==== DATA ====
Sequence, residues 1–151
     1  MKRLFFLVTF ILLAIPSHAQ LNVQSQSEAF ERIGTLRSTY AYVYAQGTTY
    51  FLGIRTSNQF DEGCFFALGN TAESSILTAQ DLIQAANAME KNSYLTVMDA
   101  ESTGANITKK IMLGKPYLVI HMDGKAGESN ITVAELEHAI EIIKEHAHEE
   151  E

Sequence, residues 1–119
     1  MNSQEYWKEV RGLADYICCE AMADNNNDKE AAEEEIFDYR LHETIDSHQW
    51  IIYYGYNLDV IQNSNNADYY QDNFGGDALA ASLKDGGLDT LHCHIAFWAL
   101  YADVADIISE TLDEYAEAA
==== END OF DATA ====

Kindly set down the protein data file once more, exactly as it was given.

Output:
Sequence, residues 1–151
     1  MKRLFFLVTF ILLAIPSHAQ LNVQSQSEAF ERIGTLRSTY AYVYAQGTTY
    51  FLGIRTSNQF DEGCFFALGN TAESSILTAQ DLIQAANAME KNSYLTVMDA
   101  ESTGANITKK IMLGKPYLVI HMDGKAGESN ITVAELEHAI EIIKEHAHEE
   151  E

Sequence, residues 1–119
     1  MNSQEYWKEV RGLADYICCE AMADNNNDKE AAEEEIFDYR LHETIDSHQW
    51  IIYYGYNLDV IQNSNNADYY QDNFGGDALA ASLKDGGLDT LHCHIAFWAL
   101  YADVADIISE TLDEYAEAA